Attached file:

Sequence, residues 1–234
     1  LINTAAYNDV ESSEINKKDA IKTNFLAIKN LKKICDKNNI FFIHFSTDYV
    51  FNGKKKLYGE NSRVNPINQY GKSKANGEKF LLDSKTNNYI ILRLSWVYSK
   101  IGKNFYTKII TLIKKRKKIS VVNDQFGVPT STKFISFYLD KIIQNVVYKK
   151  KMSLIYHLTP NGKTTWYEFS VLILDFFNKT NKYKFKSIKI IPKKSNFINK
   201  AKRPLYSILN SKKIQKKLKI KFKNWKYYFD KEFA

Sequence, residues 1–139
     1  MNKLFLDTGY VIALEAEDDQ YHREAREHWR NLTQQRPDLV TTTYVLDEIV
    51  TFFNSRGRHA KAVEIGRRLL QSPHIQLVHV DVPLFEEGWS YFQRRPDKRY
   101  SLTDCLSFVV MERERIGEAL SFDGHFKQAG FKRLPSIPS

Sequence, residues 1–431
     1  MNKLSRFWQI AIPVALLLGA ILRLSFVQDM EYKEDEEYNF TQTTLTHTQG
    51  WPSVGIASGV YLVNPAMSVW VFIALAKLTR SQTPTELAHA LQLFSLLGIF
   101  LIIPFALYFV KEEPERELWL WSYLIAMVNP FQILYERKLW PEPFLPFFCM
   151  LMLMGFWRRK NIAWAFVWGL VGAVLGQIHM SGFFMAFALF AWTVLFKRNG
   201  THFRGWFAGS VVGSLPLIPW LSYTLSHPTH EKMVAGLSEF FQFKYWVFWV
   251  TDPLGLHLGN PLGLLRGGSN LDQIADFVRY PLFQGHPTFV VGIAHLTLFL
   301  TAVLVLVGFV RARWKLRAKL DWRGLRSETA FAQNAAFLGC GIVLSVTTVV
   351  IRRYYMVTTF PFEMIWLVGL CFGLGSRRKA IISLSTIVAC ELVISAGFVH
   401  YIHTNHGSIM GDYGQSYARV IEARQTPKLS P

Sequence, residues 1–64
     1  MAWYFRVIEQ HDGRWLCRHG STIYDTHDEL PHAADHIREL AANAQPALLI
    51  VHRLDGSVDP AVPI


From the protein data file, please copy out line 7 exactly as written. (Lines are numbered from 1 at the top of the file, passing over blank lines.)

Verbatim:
Sequence, residues 1–139